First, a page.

Design Thinking
Posted By Desh Bhagat University (DBU)

Design Thinking is an iterative process, intensely human-centric and solution-oriented in nature. The rationale is to understand the user, his pain points and requirements, challenge assumptions that have so far failed to deliver, and redefine or reformulate the problem on hand in an attempt to explore, find out and leverage alternative strategies and solutions that one might have missed to notice initially. Design Thinking provides a solution-based approach to problems which fail to resolve with conventional approaches. It is an approach that relies on hands-on methods. If we have to name a few core elements of design thinking then the first few words that come to our mind are – innovative, creative, and imaginative, unconventional and out- of- the- box thinking.

It bridges the mythical gap between innovators and venture-owners because it starts with empathy. Those seeking solution to an existing challenge should in the very first place have the capacity to see themselves in the shoes of the person they are trying to help or design the solution for. Empathy that is the starting point of the process is the stepping stone. Design thinkers are known to have strong empathy and deep understanding of their target segment or people who they are designing the products or services. Design Thinking has a mind of typical teenager. It questions the assumptions till it sees them really working out towards solution. Design Thinking is best when used for problems that are ill defined. It brainstorms, unassembled and reformulates them in human-centric ways. And as it moves on or tries to move on towards solutions it prototypes and tests the suggested solutions and ideas. If we have to put design thinking into three processes or phases it would appear somewhat like this:

  • Ø  Empathies with the users
  • Ø  Define their needs or problems.
  • Ø  Ideate –challenging the assumptions, tweak the approach with innovative / creative solutions
  • Ø  Prototype the emerging solutions
  • Ø  Check the solutions for feasibility. If need be, which surely would be there till you really reach a good/perfect solution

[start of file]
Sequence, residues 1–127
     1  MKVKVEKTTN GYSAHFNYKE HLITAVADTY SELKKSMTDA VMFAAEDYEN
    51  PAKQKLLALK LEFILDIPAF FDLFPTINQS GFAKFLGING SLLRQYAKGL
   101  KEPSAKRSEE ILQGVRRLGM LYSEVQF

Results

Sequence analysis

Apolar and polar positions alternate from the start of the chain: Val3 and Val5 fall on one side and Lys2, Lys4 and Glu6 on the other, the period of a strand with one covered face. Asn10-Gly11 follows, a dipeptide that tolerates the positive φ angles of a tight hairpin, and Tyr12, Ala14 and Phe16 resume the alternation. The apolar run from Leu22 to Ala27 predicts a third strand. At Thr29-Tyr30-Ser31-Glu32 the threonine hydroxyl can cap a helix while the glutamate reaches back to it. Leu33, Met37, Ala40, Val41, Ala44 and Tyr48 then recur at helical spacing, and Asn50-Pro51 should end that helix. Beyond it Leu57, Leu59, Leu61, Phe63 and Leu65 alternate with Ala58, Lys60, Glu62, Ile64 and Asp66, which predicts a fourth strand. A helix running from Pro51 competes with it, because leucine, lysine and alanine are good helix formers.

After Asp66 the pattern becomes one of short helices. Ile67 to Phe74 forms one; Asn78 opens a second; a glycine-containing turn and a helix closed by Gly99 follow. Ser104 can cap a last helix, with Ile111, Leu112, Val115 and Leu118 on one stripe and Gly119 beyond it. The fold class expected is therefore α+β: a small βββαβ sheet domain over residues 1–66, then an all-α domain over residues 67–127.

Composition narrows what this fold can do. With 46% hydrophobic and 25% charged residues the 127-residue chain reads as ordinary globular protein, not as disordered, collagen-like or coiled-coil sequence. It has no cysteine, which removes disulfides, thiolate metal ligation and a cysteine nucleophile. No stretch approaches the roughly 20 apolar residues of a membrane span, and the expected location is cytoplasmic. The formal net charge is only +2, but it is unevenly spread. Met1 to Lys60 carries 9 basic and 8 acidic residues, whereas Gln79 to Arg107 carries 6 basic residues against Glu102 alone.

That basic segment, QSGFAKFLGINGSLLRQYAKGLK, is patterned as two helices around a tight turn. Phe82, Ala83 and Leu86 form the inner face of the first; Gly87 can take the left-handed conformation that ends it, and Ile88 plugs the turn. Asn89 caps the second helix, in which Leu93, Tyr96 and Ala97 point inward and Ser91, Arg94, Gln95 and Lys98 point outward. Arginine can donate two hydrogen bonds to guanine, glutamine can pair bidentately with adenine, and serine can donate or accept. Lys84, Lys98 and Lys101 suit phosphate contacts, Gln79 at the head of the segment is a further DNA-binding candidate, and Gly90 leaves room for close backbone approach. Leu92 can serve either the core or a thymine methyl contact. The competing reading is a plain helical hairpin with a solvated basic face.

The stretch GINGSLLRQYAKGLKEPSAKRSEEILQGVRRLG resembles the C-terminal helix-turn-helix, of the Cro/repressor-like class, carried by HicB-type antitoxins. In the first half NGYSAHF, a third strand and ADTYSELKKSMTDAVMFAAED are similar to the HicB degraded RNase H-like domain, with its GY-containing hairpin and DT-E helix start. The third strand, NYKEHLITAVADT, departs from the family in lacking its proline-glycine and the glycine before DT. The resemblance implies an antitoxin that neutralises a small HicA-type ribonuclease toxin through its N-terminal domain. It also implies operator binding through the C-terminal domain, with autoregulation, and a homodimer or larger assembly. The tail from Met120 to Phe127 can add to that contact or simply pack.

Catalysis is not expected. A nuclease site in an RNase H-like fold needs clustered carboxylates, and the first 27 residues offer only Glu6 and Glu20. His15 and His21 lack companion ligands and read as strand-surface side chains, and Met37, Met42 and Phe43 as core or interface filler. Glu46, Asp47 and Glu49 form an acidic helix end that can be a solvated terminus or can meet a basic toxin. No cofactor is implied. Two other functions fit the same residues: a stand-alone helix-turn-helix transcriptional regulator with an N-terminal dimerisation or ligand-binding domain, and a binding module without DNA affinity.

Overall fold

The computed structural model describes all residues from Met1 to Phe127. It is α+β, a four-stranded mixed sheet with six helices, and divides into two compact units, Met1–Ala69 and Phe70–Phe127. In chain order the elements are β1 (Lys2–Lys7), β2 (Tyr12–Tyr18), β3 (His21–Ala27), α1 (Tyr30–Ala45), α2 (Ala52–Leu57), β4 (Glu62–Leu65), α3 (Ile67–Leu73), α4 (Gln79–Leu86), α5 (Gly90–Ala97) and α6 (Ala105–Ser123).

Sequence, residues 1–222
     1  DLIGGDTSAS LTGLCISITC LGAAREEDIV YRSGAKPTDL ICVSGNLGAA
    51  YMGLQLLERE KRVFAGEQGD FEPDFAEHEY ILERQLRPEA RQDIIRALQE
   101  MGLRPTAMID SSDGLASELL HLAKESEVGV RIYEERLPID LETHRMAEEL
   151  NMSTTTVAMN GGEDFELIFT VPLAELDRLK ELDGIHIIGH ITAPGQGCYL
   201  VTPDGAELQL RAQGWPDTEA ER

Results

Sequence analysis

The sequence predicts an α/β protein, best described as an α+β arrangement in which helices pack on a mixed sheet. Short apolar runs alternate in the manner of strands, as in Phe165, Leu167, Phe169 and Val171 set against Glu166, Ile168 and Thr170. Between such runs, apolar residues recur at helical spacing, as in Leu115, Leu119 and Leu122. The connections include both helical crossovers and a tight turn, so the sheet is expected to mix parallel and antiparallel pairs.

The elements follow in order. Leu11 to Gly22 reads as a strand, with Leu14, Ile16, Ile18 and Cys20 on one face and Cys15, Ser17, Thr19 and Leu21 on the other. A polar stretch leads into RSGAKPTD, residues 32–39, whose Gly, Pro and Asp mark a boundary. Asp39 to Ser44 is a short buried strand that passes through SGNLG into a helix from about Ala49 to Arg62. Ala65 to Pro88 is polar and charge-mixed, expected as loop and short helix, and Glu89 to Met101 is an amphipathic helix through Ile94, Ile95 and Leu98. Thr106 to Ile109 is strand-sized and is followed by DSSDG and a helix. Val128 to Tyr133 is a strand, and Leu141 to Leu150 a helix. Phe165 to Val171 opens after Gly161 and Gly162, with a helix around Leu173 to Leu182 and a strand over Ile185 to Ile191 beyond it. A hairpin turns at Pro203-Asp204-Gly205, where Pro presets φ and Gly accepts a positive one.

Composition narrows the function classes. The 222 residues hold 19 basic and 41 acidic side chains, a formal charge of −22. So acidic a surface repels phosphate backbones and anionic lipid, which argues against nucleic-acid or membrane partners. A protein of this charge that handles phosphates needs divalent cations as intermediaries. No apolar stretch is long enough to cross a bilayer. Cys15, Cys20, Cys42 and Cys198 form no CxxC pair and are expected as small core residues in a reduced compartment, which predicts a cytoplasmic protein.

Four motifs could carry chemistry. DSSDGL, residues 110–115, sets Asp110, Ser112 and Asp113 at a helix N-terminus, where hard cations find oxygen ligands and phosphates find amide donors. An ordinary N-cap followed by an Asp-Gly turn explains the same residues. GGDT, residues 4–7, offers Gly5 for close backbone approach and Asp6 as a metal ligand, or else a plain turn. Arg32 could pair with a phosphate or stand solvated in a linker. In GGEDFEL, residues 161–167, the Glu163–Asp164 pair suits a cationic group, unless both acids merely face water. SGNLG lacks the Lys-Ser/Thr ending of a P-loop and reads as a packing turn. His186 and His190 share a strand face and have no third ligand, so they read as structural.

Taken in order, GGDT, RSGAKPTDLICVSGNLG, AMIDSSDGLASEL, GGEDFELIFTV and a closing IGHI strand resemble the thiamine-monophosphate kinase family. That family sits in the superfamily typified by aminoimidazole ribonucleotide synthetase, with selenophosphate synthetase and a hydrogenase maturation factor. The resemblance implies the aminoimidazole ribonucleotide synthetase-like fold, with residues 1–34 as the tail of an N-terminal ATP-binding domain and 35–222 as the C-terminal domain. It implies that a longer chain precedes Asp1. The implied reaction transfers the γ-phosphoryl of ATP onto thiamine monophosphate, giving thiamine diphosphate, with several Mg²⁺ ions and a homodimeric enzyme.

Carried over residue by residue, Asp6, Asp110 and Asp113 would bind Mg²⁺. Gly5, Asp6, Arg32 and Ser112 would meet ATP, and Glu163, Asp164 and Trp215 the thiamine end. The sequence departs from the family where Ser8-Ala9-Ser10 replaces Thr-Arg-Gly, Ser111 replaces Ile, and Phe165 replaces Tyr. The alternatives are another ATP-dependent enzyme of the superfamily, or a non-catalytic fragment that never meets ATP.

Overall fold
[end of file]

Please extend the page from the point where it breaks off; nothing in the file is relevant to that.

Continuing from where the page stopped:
An interesting example of design thinking

We humans usually act on the dotted lines as the repeated acts get etched in our habits and the instinct to follow them is natural and easy. We see everyone else doing the same and we ourselves have been told to do follow. Breaking the set pattern of thought process goes against the grain of human functioning.

Here I share an instance of out of box thinking. It had been there out on the net on the sites of a design school. It talks of a truck that got stuck under a low bridge. And the driver could not budge further nor reverse. In the result chaos and jam, seasoned professionals offered solutions as per their expertise to free the truck without any damage to the vehicle or the bridge. None really worked. And then comes a boy who curiously looks at the crowd and the trapped truck. Coolly he suggested that why not deflate the tires.

Amazingly it worked. It is a very simple yet very brilliant example of out of box thinking. Sometimes the answer lies in simple yet unthought-of way of doing things which don’t occur initially because of our self-imposed constraints.

At Desh Bhagat University in top universities in India and best BBA college in Punjab, students get the golden opportunity to work on such case studies that exemplify the need for originality and eccentricity as opposed the tried and tested paths in problem solving.



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